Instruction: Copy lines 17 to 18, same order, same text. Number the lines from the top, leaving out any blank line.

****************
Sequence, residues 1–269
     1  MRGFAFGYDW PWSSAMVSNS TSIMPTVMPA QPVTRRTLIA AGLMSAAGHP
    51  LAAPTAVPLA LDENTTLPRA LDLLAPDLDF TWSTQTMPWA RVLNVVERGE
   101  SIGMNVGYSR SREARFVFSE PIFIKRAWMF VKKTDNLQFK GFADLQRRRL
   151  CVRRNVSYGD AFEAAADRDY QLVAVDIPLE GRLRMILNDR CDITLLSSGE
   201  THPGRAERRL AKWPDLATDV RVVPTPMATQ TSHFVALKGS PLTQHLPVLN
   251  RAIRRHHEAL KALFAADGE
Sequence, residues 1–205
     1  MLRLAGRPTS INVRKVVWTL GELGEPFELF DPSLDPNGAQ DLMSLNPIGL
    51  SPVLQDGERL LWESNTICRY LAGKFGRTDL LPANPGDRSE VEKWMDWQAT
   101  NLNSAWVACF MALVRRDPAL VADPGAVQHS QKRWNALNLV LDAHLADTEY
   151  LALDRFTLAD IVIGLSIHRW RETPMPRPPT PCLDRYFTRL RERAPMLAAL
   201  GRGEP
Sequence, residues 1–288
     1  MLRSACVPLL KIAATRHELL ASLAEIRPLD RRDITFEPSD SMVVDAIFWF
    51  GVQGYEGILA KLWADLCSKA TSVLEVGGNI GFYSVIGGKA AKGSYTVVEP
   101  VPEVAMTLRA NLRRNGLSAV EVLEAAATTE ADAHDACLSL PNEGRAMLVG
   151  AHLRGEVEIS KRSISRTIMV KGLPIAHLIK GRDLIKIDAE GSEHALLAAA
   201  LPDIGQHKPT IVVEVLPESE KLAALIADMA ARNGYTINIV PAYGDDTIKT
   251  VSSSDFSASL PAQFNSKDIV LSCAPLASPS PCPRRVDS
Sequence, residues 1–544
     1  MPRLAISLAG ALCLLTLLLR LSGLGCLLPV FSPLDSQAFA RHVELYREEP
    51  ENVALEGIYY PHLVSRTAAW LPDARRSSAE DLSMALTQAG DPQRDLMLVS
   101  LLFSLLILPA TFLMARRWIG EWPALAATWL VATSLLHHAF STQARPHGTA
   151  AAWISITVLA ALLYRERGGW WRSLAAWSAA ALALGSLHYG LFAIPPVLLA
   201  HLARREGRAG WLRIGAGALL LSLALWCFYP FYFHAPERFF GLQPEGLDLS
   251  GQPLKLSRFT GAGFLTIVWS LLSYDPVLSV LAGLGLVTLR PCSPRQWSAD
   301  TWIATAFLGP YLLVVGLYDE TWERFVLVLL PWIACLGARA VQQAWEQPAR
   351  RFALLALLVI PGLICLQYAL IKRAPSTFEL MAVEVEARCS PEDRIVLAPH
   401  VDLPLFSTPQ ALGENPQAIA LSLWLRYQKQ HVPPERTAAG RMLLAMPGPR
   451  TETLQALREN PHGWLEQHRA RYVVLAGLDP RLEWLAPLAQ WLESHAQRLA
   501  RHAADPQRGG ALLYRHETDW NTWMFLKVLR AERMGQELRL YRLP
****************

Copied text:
   101  VPEVAMTLRA NLRRNGLSAV EVLEAAATTE ADAHDACLSL PNEGRAMLVG
   151  AHLRGEVEIS KRSISRTIMV KGLPIAHLIK GRDLIKIDAE GSEHALLAAA